INSIVUMEH reported that during 15-16 and 18-20 August explosions from Santa María's Santiaguito lava-dome complex produced ash plumes that rose 400-900 m above Caliente dome and drifted 10 km W and NW. Block avalanches originated from the fronts of multiple active flows. White gas plumes rose 200 m and drifted WNW and SW. During 18-20 August ashfall was reported in Monte Claro (S), El Rosario (45 km SW), Palajunoj (S), and surrounding areas. Sounds resembling avalanches were reported on 21 August, however weather conditions prevented visual observations.

Source: Instituto Nacional de Sismologia, Vulcanologia, Meteorologia, e Hidrologia (INSIVUMEH)


25 July-31 July 2012

INSIVUMEH reported that during 26-27 July an explosion from Santa María's Santiaguito lava-dome complex produced an ash plume that rose 400 m above Caliente dome. White gas plumes rose 200 m and drifted SW; incandescence from the crater was reflected in the plume. On 29 July pyroclastic flows descended the S flank and generated ash plumes that rose 1.5 km above the crater and drifted 15 km SW. The next day explosions produced ash plumes that rose 1.5 km and drifted 12 km WSW. During 30-31 July explosions produced ash plumes that rose 1.5 km above Caliente dome and drifted 12 km WSW. Block avalanches on the S flank generated pyroclastic flows that traveled to the base of the volcano.

Source: Instituto Nacional de Sismologia, Vulcanologia, Meteorologia, e Hidrologia (INSIVUMEH)


4 July-10 July 2012

INSIVUMEH reported that during 4-6 and 9-10 July an explosion from Santa María's Santiaguito lava-dome complex produced an ash plume that rose 300-800 m above Caliente dome and drifted SW. Ashfall was reported in La Florida (5 km S), Monte Claro (S), and Palajunoj (SW). Tephra avalanches from the lava dome traveled down the SE and SW flanks. During 7-8 July fumarolic plumes rose 200 m above the crater and drifted SW. One explosion generated an ash plume that rose 300 m and drifted SW. During 8-9 July gas plumes rose from the crater and avalanches descended the SE and SW flanks. Active lava flows were observed at night during 9-10 July; incandescent material traveled down the SE and SW flanks.

Source: Instituto Nacional de Sismologia, Vulcanologia, Meteorologia, e Hidrologia (INSIVUMEH)


27 June-3 July 2012

Based on seismic data and visual observations, INSIVUMEH reported that on 27 June a 16-m-wide, 90-cm-deep lahar traveled down Santa María's Rio Nima I drainage, carrying rocks up to 80 cm in diameter. During 28-29 June block avalanches again traveled down the SE flank and fumarolic plumes drifted SW. During 1-3 July explosions produced ash plumes that rose 700 m above the crater and drifted SW. Ashfall was reported in La Florida (5 km S) and Monte Claro (S). Avalanches from lava flow fronts descended the SW flank.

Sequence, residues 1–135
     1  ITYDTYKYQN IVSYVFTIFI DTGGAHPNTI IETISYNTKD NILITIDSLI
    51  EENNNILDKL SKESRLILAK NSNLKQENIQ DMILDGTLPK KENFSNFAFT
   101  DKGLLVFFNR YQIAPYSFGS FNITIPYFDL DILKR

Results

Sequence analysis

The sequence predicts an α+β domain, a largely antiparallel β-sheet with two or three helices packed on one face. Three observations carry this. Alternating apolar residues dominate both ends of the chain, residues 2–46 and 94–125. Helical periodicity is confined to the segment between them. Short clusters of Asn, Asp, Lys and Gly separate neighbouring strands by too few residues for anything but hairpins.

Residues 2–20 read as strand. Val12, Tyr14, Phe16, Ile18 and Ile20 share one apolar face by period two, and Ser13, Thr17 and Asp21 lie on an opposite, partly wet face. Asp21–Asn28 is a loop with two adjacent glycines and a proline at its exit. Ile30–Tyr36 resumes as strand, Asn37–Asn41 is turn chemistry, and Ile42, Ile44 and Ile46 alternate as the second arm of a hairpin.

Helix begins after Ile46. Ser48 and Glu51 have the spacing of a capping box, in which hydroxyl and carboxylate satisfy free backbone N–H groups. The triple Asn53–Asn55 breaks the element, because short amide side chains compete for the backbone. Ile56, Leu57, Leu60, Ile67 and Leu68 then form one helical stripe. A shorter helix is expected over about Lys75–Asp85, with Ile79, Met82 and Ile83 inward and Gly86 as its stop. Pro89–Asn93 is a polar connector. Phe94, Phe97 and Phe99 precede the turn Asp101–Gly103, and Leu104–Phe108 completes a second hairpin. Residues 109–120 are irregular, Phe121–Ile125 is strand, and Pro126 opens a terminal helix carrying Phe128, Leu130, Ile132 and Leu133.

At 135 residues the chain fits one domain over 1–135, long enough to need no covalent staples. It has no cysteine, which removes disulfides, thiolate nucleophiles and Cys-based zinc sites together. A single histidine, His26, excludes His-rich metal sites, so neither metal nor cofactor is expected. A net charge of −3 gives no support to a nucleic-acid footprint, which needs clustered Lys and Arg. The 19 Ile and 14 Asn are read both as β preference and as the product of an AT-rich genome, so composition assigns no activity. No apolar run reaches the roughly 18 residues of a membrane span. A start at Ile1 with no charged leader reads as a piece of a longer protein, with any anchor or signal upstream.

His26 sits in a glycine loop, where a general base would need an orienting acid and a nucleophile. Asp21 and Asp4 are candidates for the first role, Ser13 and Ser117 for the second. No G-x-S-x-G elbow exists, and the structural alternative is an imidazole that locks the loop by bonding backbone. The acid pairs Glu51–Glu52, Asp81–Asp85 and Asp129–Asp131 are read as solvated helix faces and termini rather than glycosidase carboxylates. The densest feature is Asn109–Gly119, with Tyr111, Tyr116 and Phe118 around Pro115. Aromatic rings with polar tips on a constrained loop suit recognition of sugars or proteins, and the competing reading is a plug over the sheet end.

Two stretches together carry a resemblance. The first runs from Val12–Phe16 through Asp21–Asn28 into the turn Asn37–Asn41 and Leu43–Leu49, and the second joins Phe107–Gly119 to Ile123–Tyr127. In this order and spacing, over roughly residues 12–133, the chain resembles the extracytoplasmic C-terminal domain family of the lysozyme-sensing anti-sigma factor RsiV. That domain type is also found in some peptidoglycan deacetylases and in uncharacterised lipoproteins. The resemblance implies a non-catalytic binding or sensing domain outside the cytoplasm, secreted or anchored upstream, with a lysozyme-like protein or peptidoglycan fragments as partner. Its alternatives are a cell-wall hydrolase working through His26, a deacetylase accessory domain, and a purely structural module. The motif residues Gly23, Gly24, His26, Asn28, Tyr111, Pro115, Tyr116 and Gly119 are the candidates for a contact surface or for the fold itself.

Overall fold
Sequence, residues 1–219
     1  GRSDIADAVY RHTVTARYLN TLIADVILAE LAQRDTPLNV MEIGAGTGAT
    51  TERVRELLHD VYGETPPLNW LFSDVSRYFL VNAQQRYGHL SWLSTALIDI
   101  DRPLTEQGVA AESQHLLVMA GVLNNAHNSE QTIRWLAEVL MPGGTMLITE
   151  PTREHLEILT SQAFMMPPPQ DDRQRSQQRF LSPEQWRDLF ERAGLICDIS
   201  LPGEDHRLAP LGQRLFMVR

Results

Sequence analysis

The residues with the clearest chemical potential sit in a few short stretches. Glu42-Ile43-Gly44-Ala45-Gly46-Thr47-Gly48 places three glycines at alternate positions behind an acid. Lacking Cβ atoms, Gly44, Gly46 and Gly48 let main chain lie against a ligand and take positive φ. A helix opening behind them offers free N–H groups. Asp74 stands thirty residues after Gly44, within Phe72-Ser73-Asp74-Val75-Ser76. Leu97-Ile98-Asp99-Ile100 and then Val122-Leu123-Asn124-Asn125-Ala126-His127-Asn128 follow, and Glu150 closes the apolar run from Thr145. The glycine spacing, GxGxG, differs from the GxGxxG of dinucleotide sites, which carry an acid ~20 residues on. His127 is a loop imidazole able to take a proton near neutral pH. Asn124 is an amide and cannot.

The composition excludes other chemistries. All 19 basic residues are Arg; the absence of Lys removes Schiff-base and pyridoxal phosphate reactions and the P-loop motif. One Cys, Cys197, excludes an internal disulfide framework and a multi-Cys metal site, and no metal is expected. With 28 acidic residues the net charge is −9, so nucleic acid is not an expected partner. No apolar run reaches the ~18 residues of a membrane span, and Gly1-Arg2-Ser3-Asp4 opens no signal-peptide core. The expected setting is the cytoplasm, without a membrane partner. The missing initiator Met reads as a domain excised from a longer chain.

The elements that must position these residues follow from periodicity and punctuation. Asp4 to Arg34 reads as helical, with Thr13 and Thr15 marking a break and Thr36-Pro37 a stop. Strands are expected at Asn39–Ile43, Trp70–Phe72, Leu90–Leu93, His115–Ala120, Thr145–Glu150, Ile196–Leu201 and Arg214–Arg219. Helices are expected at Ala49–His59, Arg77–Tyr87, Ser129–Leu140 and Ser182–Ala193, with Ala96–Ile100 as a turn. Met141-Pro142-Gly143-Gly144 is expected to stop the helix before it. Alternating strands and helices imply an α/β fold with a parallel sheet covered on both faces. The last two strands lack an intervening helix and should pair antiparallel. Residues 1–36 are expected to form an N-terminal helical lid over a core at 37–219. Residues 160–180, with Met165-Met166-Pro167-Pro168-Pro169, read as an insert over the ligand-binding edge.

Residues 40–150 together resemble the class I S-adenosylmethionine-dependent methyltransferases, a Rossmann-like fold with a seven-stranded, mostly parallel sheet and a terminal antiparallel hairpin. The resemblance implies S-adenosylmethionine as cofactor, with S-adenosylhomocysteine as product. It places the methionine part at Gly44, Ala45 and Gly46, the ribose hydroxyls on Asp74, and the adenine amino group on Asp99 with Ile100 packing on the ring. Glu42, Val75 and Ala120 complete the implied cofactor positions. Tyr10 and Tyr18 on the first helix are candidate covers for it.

Source: Instituto Nacional de Sismologia, Vulcanologia, Meteorologia, e Hidrologia (INSIVUMEH)


20 June-26 June 2012

INSIVUMEH reported that on 22 June an explosion from Santa María's Santiaguito lava-dome complex produced an ash plume that rose 700 m above Caliente dome and drifted E and SE. Ashfall was reported in Santa María de Jesús. Block avalanches from the dome traveled down the SE flank. On 23 June lahars traveled S down the Rio Nima I and San Isidro drainages, carrying tree branches and blocks 30-80 cm in diameter. During 25-26 June an explosions generated an ash plume that rose 600 m and drifted SE. Ash fell on the San José and La Quina ranches. Block avalanches again traveled down the SE flank.

Source: Instituto Nacional de Sismologia, Vulcanologia, Meteorologia, e Hidrologia (INSIVUMEH)


6 June-12 June 2012

Based on seismic data and visual observations, INSIVUMEH reported that on 6 June a lahar traveled down Santa María's Rio Nima I drainage. During 6-7 and 10-12 June explosions from Santiaguito lava-dome complex produced ash plumes that rose 400-800 m above the crater and drifted SW. Lava flows produced block avalanches.

Source: Instituto Nacional de Sismologia, Vulcanologia, Meteorologia, e Hidrologia (INSIVUMEH)


23 May-29 May 2012

INSIVUMEH reported that during 22-23 and 28-29 May explosions from Santa María's Santiaguito lava-dome complex produced ash plumes that rose 400-900 m above Caliente dome and drifted E, SE, and S. During 26-27 May explosions produced ash plumes that drifted W. Avalanches were generated by the W part of the lava dome and from lava flows. On 29 May lahars traveled S down the Rio Nima I and San Isidro drainages, carrying tree branches and blocks 1-1.5 m in diameter.

Source: Instituto Nacional de Sismologia, Vulcanologia, Meteorologia, e Hidrologia (INSIVUMEH)


16 May-22 May 2012

INSIVUMEH reported that on 21 May a lahar traveled down Santa María's Rio Nima II drainage, carrying tree branches and 40-cm-wide lava blocks. On 22 May explosions produced ash plumes that rose 900 m above Caliente dome and drifted 10 km SE. Ashfall was reported in San Felipe (15 km SSW), El Nuevo Palmar (12 km SSW), and areas on the E flank.

Source: Instituto Nacional de Sismologia, Vulcanologia, Meteorologia, e Hidrologia (INSIVUMEH)


9 May-15 May 2012

INSIVUMEH reported that during 13-14 May incandescent explosions from Santa María's Caliente dome produced ash plumes that rose 700 m above the crater and drifted WSW. Avalanches from the dome and lava-flow fronts descended the flanks.

Source: Instituto Nacional de Sismologia, Vulcanologia, Meteorologia, e Hidrologia (INSIVUMEH)


25 April-1 May 2012

INSIVUMEH reported that on 25 April a lahar traveled down Santa María's Rio Nima II drainage, carrying 1.5-m-wide blocks and tree branches. During 30 April-1 May white plumes rose 300-600 m above the lava dome. Lava flows continued to produce avalanches that descended the flanks. Ashfall was reported in Quetzaltenango (18 km WNW) and surrounding areas.